(As is my usual, this article has a bunch of links – click on as many as you wish to receive the full experience)
by Vince (VE6LK)
In May of 2023 I embarked on a two week vacation to Hamilton Ontario, the city of Waterfalls. And I found myself with a spare 30 minutes so I decided to squeeze in an activation.
And as I am an opportunist, I made this decision at 23:25’ish z and I had not yet arrived at the park but the target was only a few minutes away! I would have until 23:59:59z to complete it if I were to be successful. “It’s time to break out the Elecraft AX1 antenna I bought at Hamvention last week“ I think to myself. It would be my first time using the antenna. I had pre-read the instructions and knew what had to be done in order to set it up.
The whole thing would unfold like a Formula 1 pit stop, albeit a wee bit slower <grin>.
I arrived at VE-5351, The Battle of Stoney Creek National Historic Site and began to scout a location. Pausing only long enough to snap a few photos, I parked and immediately got to work.
Thanks to the helpful owner of this loaned car, I was able to spread out a towel and use the trunk lid as an impromptu desk surface. With the AX1 you attach the counterpoise wire to the screw nearest the antenna port, extend the whip, ensure it’s switched for the correct band (20m, or 17/15m) and hit the tune button before you start calling. Easy Peasy Lemon Squeezy!
I set a spot on POTA.app and got to work, letting the KX3 memory keyer do the work of calling work for me. The clock was ticking and I’d be lying if I didn’t think to myself that this was both do-able and otherwise.
A quick check on the Reverse Beacon Network showed that I was being heard in Costa Rica! “Score“ I think to myself, “if I’m being heard that fast and far away, I should be able to do it.”
Long story short, I made my 10th contact at 235330z, and just for insurance, I made one more. I was in and out of the parking lot with a complete activation in under a half hour.
If you haven’t tried one of these antennas, ask a friend to try one. For myself and many others, the simplicity of this antenna makes it a winner.
And if you don’t have one of these antennas, find one you like that you can deploy quickly and do your very own pit stop style activation.
First introduced to the magic of radio by a family member in 1969, Vince has been active in the hobby since 2002. He is an Accredited examiner in Canada and the USA, operates on almost all of the modes, and is continually working on making his CW proficiency suck less. He participates in public service events around Western Canada and is active on the air while glamping, mobile, at home or doing a POTA activation. You can hear him on the Ham Radio Workbench podcast, follow him on Twitter @VE6LK, peek at his anemic YouTube presence (subscribe!), and view the projects and articles on his website.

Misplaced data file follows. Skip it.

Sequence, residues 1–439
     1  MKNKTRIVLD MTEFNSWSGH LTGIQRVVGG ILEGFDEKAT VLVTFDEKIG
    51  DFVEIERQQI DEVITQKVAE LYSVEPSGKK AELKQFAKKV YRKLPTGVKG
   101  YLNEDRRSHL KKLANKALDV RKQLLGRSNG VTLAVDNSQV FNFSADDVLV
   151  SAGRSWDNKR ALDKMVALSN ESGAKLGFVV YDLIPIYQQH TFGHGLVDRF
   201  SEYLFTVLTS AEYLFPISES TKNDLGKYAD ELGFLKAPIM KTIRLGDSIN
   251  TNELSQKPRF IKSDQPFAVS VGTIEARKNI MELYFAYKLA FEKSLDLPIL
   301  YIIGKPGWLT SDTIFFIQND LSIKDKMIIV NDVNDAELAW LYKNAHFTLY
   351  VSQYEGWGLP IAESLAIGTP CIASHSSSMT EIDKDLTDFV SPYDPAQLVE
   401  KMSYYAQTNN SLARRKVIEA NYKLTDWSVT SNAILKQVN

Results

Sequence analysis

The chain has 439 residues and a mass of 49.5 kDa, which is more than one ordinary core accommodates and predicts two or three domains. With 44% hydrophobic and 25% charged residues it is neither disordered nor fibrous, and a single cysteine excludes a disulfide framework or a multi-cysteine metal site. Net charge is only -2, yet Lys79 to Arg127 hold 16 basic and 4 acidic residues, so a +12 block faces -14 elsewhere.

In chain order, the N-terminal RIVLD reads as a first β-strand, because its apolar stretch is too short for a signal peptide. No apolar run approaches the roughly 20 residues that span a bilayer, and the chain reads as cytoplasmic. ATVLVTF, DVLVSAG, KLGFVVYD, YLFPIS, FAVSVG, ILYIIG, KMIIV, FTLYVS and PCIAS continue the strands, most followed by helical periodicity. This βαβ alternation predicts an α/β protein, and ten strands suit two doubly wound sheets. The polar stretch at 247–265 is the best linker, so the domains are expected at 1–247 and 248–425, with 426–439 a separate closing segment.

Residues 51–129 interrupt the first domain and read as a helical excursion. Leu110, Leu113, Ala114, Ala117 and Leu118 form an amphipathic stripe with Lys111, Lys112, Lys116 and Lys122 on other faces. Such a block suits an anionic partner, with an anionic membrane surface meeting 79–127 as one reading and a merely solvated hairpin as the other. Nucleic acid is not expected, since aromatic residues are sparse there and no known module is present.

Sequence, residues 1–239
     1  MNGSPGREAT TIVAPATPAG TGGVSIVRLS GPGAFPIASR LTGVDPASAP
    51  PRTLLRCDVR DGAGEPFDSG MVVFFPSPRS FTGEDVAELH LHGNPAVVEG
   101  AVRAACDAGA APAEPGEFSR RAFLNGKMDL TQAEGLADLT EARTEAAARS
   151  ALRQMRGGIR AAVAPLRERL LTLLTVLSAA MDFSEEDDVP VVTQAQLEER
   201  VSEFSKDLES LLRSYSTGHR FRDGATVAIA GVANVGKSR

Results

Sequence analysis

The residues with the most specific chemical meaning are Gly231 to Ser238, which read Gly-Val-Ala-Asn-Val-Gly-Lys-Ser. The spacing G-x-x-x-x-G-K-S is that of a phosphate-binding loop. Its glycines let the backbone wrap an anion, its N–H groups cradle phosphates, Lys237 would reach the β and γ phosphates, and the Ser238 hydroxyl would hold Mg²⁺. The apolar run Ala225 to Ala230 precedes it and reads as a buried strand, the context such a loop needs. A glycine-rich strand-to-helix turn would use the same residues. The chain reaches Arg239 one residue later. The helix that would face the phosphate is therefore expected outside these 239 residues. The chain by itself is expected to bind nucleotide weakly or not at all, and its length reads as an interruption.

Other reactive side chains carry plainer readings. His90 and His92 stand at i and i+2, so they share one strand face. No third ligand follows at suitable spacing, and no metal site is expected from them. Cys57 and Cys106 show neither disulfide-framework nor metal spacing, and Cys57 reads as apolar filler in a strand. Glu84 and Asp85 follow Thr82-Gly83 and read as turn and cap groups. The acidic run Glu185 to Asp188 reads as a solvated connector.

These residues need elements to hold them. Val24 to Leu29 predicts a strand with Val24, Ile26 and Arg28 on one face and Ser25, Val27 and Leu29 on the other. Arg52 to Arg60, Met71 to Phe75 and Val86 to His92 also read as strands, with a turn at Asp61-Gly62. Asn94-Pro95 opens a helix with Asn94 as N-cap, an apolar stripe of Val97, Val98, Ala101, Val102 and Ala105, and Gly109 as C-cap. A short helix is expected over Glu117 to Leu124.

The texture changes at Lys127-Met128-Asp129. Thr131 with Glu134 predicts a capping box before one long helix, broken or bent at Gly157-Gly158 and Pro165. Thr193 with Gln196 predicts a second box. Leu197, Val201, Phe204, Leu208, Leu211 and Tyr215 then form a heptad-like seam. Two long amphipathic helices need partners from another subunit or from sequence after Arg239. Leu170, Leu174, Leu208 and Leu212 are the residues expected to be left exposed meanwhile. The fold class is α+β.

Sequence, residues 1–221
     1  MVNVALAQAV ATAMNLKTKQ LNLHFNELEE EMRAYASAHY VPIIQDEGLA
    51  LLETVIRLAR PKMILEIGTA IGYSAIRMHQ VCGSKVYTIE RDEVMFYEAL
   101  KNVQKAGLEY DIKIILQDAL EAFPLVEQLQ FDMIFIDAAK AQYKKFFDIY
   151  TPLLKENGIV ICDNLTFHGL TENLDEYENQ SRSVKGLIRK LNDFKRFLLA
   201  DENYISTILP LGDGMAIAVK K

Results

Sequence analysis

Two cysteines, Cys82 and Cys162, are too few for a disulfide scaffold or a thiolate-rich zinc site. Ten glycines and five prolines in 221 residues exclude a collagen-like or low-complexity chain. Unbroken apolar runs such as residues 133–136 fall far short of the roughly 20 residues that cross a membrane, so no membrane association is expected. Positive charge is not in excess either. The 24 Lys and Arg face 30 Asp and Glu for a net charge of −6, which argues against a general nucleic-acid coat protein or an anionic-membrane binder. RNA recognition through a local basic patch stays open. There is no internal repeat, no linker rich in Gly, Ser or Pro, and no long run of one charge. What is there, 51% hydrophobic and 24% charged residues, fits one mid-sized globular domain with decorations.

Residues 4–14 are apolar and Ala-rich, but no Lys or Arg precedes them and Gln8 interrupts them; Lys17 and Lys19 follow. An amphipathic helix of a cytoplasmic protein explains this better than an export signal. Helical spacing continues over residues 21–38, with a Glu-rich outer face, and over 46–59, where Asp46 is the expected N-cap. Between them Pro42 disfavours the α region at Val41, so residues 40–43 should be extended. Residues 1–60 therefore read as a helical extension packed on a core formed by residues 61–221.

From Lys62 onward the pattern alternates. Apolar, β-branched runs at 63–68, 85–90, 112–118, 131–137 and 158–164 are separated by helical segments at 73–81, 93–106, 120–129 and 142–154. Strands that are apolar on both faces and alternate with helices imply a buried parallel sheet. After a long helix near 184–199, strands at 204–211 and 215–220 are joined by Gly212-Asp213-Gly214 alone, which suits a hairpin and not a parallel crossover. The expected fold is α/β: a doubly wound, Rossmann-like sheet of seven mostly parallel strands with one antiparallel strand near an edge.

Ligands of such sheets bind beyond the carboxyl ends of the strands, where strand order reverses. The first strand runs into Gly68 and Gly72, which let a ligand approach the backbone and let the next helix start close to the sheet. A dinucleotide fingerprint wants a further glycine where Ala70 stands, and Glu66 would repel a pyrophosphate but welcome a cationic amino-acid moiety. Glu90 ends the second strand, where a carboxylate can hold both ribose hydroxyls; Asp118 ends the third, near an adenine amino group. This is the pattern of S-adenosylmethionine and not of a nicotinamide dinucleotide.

7 thoughts on “Pit Stop Style Activation with Elecraft KX3 and AX1”
Congress ! This is real ham radio .. Great fun to read and I felt the clock ticking while reading.
@Thomas: many thanks for sharing this platform and your superb activations …
Thank you, Bosma. One of the true joys of running QRPer.com is opening it up for others to share their field reports. I get a real thrill reading about others’ adventures and I learn so much from them!
I hope it was not just “a wee bit slower”, but also required a lot fewer tire changes 😉 This is a fantastic result. When I use the Ax1, I am usually not expecting to make QSOs at a record pace. Congrats on having the guts to take this on – and to finish it!
Thank you Karl, it was fun to give it a try and even more fun to succeed!
On an unrelated radio note…it is strange to read of the history of this park and the Canadians memorializing a battle between the “Americans” as the enemy. I cannot think of more of an ally and similar cultures as the US and Canada.
I agree wholeheartedly, we are indeed such good neighbours and so fortunate to have each other. This location is an interesting place, and each year on the first weekend of June a re-enactment of the battle takes place with hundreds of on-field participants. It is quite a sight to see such a large-scale live re-enactment in person.
The war of 1812 is actually quite important in Canadian history and referenced heavily in our schooling. It pre-dated “Canada” by a long time, but it did create our current borders. Up until then, there was an American sentiment that all of North America would ultimately be under the union, and it ended that notion, and created an acceptance of British North America that ultimately became Canada. It doesn’t define much for American identity, though, so that’s why you don’t hear much about it. It’s not about animosity toward the Americans to memorialize it -but about a defining point that made our country possible.